Saw it again last night, this time in IMAX 3D on a "real" IMAX screen (one designed for 15/70 film which is the full IMAX resolution--this is a lot rarer than the many Digital IMAX cinemas that have opened up over the past 5-7 years or so). From a story standpoint, IMAX doesn't make any difference but from a sheer spectacle standpoint, the portions filmed with IMAX cameras shine in a way a regular format simply cannot match (as was the case for the second and third Nolan Batman movies). The 3D was not headache inducing, as it usually is for me (only other time it wasn't was another IMAX 3D presentation--The Hobbit), but I didn't find it added anything to the experience (obviously a personal opinion--I know many are very enthused by 3D). Ideally, I'd like to see a 2D IMAX presentation, but there are none to be found anywhere nearby (if anywhere at all). I just hope the Blu-ray release includes a version with changing aspect ratios, like the Nolan movies, though I'm not holding my breath.
So much for the technical notes.
The story holds up to repeat viewing, as any alleged (and real) flaws are not so glaring as to make it fall apart--no more so than the vast majority of films out there (including very highly regarded ones). I could pick a few nits here and there, but I could do that for every single episode and film across all Trek series--what would be the point? In the end, I was even more entertained the second time around (which is good, considering the asking price for a 3D IMAX ticket in these parts) and I look forward to watching it again, as well as any new stuff produced by this team.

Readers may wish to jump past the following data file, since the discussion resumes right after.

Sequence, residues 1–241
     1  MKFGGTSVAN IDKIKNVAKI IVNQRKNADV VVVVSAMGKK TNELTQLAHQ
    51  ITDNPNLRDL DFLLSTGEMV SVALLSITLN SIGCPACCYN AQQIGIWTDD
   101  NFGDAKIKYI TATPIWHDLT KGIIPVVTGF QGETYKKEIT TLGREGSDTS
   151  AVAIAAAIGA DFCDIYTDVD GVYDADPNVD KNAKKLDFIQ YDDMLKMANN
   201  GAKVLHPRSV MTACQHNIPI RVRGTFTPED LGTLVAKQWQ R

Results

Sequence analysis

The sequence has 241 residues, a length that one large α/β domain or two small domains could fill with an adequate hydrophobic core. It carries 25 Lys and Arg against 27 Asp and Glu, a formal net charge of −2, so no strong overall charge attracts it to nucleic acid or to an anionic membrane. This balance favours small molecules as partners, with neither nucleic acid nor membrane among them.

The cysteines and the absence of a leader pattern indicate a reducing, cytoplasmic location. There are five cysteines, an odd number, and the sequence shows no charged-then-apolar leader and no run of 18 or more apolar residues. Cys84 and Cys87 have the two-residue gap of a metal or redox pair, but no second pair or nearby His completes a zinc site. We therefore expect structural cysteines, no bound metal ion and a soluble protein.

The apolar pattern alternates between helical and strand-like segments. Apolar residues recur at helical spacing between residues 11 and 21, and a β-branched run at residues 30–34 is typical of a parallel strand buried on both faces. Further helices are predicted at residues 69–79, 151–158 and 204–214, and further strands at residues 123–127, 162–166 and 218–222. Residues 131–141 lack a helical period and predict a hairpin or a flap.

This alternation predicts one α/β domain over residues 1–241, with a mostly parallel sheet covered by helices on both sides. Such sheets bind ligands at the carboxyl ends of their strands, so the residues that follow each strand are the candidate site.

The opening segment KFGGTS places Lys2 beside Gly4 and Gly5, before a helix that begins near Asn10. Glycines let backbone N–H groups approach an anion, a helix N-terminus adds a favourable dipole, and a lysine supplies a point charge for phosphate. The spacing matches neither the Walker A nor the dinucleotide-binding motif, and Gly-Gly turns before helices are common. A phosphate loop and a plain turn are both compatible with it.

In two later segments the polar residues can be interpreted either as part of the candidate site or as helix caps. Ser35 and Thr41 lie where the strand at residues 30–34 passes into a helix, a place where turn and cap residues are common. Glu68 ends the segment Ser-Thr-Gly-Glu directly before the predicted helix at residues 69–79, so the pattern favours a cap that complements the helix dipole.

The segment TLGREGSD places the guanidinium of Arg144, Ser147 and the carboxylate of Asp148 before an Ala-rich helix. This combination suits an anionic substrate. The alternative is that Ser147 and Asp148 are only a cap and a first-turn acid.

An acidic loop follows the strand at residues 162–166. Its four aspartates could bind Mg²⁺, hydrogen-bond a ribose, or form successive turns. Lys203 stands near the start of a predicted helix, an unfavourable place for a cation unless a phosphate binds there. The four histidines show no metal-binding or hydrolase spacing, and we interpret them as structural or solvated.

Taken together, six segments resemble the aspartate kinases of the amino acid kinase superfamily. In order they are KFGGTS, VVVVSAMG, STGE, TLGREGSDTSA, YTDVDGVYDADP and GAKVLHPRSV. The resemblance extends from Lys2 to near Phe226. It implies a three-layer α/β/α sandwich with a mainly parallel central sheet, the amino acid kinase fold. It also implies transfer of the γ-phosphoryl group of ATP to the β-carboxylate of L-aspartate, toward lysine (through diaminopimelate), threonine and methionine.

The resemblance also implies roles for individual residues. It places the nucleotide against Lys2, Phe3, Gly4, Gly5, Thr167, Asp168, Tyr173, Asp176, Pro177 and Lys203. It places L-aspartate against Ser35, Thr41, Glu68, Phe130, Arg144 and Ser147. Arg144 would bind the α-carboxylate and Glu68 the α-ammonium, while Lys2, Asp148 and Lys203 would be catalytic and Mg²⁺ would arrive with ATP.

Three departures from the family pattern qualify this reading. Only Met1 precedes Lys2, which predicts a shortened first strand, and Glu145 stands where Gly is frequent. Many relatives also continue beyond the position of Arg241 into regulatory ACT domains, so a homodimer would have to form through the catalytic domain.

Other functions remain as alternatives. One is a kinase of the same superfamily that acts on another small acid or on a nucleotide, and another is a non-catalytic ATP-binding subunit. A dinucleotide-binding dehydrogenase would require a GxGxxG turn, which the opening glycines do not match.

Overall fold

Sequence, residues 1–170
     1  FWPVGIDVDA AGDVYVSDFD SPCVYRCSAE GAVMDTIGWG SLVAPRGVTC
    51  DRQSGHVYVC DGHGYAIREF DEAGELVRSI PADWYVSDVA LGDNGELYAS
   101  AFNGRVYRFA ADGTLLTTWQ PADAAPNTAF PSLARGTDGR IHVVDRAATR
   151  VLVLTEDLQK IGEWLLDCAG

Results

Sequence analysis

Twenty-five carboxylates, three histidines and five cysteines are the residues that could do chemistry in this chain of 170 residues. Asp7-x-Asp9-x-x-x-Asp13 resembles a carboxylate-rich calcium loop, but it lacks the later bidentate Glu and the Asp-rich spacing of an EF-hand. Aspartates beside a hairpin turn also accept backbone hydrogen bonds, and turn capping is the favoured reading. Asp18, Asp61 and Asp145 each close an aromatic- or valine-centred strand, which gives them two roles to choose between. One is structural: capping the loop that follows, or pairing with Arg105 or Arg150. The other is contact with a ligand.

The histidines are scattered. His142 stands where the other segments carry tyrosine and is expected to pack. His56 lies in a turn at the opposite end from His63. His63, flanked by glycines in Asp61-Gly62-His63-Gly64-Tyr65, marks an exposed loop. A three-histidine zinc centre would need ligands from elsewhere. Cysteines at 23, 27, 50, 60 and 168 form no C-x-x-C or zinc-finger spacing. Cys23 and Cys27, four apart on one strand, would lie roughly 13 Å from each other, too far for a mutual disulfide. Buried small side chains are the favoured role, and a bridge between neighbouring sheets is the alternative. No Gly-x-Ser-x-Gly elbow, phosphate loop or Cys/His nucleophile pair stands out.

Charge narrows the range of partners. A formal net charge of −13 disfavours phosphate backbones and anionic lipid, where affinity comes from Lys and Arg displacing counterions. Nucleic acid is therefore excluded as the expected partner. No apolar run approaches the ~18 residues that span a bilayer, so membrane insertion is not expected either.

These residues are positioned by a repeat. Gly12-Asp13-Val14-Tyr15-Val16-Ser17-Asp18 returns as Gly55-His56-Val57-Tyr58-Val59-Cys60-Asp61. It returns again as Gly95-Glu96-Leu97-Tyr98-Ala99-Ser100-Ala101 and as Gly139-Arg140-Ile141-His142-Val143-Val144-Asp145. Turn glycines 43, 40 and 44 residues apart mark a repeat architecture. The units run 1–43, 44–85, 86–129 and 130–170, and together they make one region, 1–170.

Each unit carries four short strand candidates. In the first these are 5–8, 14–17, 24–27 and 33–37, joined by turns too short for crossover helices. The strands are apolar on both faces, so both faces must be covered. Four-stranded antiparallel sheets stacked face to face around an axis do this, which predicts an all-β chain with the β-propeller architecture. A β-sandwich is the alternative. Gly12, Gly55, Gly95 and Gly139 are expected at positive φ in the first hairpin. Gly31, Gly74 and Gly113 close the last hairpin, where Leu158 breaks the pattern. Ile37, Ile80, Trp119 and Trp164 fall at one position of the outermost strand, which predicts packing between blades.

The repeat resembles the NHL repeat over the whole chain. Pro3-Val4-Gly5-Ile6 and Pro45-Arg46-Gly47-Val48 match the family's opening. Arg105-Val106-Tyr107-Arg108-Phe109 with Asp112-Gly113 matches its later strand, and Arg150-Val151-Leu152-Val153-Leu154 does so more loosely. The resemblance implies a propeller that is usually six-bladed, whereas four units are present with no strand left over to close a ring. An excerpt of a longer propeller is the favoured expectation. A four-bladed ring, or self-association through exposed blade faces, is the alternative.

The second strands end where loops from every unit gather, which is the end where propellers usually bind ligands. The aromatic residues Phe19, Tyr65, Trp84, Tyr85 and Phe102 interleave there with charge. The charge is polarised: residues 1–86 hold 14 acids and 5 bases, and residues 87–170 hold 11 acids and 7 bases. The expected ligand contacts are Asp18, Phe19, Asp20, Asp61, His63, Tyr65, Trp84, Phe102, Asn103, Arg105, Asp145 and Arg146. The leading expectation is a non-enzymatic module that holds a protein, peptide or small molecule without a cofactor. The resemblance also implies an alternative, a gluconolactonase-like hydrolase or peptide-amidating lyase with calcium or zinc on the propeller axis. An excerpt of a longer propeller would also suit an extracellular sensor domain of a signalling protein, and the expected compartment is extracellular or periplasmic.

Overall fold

As for the reasonable complaints I've seen/heard/read--I think a lot of it results from the two films by this team being a palimpsest (your vocab word of the day, as my English teacher used to say
) of Trek rather than a fully realized exploration of one's particularly favourite aspect of Trek. Large cast, but not an ensemble approach like TNG-era Trek. Better treatment of women than in TOS, but not as egalitarian as in TNG-era Trek. Makes the kind of moral and ethical argument for which TOS is fondly remembered (the stance against drones/targeted killing), but doesn't spend a significant, uninterrupted chunk of the film focused on the debate. Use of "magic tech" but insufficient time spent on explaining how it works "in-universe" so as to frustrate those who like such technical elements. Kirk suffers consequence of too swift promotion, but that is too quickly resolved to seem substantial. I could go on but I think this is enough to make my point. The ideal solution to all this? Probably a TV series. Movies simply don't have the time to explore any of the above in any detail. So we get a sprinkling (it is a lot like the difference between teaching a course called World History and one called The History of Vermont--I've done both and each has its frustrations, as well as its rewards, regarding breadth and depth of discussion and study). And since the filmmakers cannot possibly satisfy everyone's ideal notion of Trek (among those who have such a thing), they've put forth something they enjoy and hope the audience does too. On that score, they appear to have succeeded quite well (given both critical and audience word of mouth reaction).